This old song has been described as dating back to the days of the famine (1840?s), when any bit of property at all was enough to tempt a man to jilt his true love in favour of the lassie with the land.
As I Roved Out (Traditional)
As I roved out, on a bright May morning, To view the meadows and flowers gay Whom should I spy but my own true lover As she sat under yon willow tree.
I took off my hat and I did salute her I did salute her, most courageously When she turned around, well, the tears fell from her Saying, False young man, you have deluded me.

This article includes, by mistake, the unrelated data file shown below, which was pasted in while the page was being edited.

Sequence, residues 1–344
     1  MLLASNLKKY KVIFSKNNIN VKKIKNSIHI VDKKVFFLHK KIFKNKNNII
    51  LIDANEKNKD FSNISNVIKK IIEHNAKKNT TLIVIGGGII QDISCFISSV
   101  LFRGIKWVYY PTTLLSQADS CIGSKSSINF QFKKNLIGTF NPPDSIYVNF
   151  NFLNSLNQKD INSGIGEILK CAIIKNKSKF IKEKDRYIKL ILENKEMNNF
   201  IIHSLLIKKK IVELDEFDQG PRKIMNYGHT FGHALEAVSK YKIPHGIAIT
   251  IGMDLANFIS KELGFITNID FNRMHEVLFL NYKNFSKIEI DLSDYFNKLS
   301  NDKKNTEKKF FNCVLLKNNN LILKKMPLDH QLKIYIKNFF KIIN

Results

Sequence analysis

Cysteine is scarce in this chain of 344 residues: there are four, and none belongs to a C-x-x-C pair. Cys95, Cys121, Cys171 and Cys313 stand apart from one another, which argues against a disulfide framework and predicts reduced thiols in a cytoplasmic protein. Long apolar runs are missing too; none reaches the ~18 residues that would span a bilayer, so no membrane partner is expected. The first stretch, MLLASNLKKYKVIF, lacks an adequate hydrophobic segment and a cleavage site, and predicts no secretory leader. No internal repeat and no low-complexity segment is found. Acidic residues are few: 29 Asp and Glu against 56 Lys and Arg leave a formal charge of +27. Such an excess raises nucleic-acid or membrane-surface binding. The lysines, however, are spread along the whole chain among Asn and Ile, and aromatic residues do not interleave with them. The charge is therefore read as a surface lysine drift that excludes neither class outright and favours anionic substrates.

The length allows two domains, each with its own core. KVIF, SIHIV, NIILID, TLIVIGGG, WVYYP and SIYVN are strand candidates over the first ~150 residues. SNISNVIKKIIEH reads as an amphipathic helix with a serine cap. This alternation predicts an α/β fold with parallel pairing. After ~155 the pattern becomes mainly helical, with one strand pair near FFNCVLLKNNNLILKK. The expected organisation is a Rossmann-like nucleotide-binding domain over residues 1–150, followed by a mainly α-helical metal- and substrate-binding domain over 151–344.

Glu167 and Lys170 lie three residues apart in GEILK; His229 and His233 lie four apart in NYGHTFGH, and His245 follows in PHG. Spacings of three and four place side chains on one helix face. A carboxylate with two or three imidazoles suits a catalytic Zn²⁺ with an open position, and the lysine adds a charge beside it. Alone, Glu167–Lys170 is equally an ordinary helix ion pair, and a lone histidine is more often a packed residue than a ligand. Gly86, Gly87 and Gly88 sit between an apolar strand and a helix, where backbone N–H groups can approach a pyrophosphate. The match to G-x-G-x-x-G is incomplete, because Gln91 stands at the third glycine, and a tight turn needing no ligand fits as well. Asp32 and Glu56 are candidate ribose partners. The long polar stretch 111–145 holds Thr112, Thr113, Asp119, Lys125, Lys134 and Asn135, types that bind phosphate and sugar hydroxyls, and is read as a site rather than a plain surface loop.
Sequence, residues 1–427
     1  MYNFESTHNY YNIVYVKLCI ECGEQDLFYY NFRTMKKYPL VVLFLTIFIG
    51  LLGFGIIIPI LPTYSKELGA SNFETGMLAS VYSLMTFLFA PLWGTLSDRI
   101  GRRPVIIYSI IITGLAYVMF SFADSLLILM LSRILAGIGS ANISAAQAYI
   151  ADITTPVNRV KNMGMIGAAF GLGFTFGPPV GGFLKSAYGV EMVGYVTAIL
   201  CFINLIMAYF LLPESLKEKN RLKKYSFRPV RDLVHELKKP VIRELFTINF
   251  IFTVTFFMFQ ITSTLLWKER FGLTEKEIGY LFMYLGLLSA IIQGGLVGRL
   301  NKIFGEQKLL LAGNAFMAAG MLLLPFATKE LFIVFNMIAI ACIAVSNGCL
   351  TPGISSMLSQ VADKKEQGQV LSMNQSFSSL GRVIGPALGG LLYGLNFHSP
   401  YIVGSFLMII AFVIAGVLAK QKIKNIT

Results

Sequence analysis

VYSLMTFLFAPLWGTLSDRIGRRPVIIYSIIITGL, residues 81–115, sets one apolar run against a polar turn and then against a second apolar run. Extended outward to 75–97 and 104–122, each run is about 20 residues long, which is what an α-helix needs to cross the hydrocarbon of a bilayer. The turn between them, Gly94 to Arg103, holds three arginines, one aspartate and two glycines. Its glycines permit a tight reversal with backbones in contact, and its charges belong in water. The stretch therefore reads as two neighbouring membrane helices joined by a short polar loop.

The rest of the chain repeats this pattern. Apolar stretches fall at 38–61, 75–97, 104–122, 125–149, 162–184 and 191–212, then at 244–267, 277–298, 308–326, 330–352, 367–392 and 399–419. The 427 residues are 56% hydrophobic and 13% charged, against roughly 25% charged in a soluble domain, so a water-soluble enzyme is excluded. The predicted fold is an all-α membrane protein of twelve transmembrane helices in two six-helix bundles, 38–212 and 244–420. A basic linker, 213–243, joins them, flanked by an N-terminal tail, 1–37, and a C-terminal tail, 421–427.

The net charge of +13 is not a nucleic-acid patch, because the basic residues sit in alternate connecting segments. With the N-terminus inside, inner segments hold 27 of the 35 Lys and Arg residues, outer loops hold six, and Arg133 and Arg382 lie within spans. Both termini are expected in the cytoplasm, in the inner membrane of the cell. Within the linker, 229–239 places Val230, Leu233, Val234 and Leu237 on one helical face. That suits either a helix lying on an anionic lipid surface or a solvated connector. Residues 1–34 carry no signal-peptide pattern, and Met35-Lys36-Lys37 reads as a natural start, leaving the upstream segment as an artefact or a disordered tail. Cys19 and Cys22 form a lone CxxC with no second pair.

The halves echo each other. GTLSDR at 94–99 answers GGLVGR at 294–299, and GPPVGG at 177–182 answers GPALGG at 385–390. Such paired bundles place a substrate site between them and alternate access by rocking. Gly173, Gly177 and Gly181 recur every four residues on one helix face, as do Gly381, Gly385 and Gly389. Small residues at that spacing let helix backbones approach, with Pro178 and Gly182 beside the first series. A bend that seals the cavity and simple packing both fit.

A diamond ring I owned I gave you, A diamond ring to wear on your right hand But the vows you made, love, you went and broke them And married the lassie that had the land.
If I married the lassie that had the land, my love, It's that I'll rue 'til the day I die When misfortune falls, sure no man can shun it I was a blind fool, I'll ne'er deny.
Now at nights when I go to my bed of slumber The thoughts of my true love run in my mind When I turn around to embrace my darling Instead of gold, sure 'tis brass I find.
And I wish the Queen would call home her army, From the West Indies, Amerikay and Spain And every man to his wedded woman In hopes that you and I will meet again.
South Shields near Newcastle Tyneside United Kingdom